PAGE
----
In my class book shelf you will find my favorite, most prized collection of books on display and available for the children to read on their own. To help my students take care of our books, I follow a secret recipe . Just like each ingredient in a recipe is important in cooking, each approach that I use is equally important in order to build student success in taking care of our books.
1. Gathering your ingredients
A good cook knows that the quality of ingredients can make a difference in the outcome of their recipe. This is also true when it comes to building a collection of books for your classroom. Choosing quality read-aloud children’s picture books make a big difference when it comes to helping children love and care for the books in your classroom.
2. Getting to know your ingredients
A good cook wants to really know the ingredients they are using before starting to cook with them. In the classroom, young children also need to know what is inside of each book before it is added to your collection of books on the shelf. In my classroom, we take the time to read, discuss, investigate, and really get to know each book before it is placed on our shelf for the children to read on their own…
3. Exploring your ingredients
A good cook knows that part of cooking success is exploring the different aspects of ingredients so they know more about the role each ingredient plays in a recipe. In the classroom, preschoolers need opportunity to explore the contents and ideas of a book in order to build meaningful connections to the story. For every book I read to the children, I look for ways to extend the ideas or content of the book into our reading experience and through playful opportunities in our classroom centers…
4. Adding your ingredients
A good cook doesn’t dump all of their ingredients into the bowl at one time. Instead, a good cook prepares each ingredient then slowly stirs and mixes each ingredient into the bowl. The same holds true when it comes to providing a great selection of books for your shelf. After reading each of our books together and exploring the ideas of the books in our centers we then add the books to our shelf for the children to read on their own. We gradually build our collection of books so that each book is a book that the children really know, love, appreciate, and can relate to…
5. Cooking your ingredients
A good cook knows that you can’t cook your recipe in an oven or on top of the stove at just any old temperature and for any old length of time. Time and temperature must be carefully thought through and adjusted based on the type of recipe and the desired results. The same holds true in the classroom. You must have a plan for how your students will read the books on their own and where they will read the books and even when they will read the books. You need to share and model your plan with the children so that they will understand what is expected of them and how they can integrate the books you provide into their experiences throughout the day…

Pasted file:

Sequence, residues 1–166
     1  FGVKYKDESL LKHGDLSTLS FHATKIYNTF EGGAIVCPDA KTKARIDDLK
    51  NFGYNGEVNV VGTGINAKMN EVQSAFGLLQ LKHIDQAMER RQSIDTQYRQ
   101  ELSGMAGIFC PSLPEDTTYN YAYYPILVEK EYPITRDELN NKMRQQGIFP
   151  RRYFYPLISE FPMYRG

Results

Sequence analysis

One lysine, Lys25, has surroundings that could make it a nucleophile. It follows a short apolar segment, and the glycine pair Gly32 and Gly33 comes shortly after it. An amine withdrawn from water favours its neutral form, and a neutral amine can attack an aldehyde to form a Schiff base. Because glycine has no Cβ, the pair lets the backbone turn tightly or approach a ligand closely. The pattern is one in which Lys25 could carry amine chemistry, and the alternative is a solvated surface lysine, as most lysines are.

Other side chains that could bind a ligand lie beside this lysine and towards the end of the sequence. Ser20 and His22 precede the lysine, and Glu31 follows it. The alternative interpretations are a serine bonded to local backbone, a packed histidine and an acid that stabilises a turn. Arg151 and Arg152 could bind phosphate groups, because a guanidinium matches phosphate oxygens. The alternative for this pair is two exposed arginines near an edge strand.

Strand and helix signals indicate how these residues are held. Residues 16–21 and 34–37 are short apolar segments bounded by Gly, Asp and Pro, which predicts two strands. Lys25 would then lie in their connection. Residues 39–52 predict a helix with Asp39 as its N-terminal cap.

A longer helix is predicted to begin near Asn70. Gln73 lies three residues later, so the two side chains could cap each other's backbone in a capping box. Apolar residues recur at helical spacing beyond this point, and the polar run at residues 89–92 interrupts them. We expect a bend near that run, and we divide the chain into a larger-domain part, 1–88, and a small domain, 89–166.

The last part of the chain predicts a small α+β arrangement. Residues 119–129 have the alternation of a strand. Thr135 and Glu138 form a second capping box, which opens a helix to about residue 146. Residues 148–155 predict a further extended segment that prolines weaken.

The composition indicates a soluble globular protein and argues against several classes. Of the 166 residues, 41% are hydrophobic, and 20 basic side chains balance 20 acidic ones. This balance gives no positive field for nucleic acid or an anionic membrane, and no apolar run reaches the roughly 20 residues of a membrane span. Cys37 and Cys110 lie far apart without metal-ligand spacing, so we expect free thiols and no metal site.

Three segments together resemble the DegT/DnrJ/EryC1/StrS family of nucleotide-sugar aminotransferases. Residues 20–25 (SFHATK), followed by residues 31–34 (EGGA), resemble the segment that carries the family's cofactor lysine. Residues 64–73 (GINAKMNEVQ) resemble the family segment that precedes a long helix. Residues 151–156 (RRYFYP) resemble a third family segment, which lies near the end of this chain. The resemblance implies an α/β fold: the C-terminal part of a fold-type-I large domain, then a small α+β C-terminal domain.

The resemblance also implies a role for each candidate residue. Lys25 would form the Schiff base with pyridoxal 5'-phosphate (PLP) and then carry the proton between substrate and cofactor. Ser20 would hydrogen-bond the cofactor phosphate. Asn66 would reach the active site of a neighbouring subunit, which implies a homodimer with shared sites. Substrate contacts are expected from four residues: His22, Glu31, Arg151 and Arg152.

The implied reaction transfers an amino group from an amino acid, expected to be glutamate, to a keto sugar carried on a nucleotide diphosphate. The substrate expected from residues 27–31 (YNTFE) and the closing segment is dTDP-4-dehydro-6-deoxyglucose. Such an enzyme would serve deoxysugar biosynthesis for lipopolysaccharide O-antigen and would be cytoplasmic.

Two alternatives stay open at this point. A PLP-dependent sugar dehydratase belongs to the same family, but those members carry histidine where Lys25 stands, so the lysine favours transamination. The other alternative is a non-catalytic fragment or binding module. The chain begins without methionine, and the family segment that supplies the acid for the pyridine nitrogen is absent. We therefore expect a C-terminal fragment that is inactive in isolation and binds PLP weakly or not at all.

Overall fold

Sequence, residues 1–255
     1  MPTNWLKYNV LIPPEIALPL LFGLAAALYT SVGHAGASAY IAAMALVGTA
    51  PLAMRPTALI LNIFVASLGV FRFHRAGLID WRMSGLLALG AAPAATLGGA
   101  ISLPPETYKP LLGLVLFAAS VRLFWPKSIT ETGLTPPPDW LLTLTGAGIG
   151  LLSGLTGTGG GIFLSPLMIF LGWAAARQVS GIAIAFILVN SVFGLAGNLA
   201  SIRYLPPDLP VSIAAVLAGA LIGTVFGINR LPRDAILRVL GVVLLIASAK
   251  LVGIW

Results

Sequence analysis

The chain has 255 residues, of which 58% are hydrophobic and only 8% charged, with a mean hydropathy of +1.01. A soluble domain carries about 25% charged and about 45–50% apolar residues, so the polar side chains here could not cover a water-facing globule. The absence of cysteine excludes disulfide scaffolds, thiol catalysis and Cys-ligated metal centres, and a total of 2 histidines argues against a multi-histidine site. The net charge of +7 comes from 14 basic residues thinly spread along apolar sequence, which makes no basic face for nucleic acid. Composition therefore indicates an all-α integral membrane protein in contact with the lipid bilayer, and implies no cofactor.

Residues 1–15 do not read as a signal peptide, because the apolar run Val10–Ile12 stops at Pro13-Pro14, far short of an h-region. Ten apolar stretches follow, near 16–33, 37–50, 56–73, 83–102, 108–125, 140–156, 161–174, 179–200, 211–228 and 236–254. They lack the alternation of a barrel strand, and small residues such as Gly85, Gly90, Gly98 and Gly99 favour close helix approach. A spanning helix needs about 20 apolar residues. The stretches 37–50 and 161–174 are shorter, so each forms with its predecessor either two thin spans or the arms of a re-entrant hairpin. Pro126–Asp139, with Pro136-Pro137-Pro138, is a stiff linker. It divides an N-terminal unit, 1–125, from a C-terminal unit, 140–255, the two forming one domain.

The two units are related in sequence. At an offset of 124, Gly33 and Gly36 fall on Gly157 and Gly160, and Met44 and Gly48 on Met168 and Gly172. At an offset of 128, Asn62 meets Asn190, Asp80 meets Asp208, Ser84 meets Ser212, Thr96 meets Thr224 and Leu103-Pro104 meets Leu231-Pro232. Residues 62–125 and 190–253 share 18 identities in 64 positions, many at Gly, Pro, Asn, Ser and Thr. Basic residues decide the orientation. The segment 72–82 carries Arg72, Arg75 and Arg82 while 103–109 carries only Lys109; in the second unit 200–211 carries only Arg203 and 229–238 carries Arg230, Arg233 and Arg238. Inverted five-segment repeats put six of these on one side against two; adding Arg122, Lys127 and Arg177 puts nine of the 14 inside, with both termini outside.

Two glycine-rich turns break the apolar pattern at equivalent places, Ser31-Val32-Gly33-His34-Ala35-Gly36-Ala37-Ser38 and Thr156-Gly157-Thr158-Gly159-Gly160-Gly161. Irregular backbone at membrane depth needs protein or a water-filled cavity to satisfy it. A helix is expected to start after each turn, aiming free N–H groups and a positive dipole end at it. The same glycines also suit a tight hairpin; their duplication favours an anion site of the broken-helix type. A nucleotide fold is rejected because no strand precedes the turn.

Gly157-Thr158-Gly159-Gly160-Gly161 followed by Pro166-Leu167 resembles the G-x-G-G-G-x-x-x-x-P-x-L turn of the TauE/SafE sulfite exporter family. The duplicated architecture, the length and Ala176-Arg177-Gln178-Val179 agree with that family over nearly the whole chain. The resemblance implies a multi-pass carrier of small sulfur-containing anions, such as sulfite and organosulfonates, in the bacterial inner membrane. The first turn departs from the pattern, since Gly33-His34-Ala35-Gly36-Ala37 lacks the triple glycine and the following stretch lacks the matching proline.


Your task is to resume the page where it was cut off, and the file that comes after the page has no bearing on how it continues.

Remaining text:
6. Testing the recipe
A good cook knows that a recipe must be tried and tested and that there are always those times when something will go wrong. Rather than putting all the ingredients away and out of reach to never try again, a good cook will make adjustments and find solutions so the recipe will find success. In our classroom, the children know that if a page in the book should happen to rip that we should fix it right away. We might need to tape up a tear in the book or wipe off a little dirt. We will remind the children to wash and dry sticky hands before handling a book when necessary. Because our children have such a deep appreciation for each book in our classroom, they work hard to be smart about how they are treating our books and they demonstrate a good understanding of how we all need to work together to take care of our books…
7. Tasting the recipe
A good cook knows that in the end, the best test for any recipe is actually tasting the recipe. In our classroom, we spend about five or ten minutes of each day “tasting our recipe” as a class. While the children are reading the books together, Mrs. Courtney and I are able to observe the children and find out which books the children are showing the greatest interest in, which books they have lost interest in, and how we can continue to foster a good taste for reading in our classroom…
8. Sharing the recipe
A good cook loves to share the recipe with others. As the children in our classroom have grown familiar with our books, they are now spending more time reading to each other.
9. A recipe for success
When a good cook finally has a recipe that is well loved by himself and the people he shares it with he will want to keep that recipe and use it over and over again. As I observe my students modeling the reading experience for each other and taking time to enjoy the reading experience with each other, I don’t worry about whether our books will be taken care of. I know that as long as my students are continuously building their understanding, appreciation and love for the books in our classroom, they will naturally want to take care of the books for me…
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More than Just a Bag of Books by Ignite Learning with Conscious Discipline LLCThis article is being shared with you by Deborah Stewart of Teach Preschool - Promoting excellence in early childhood education at home and in the preschool classroom!
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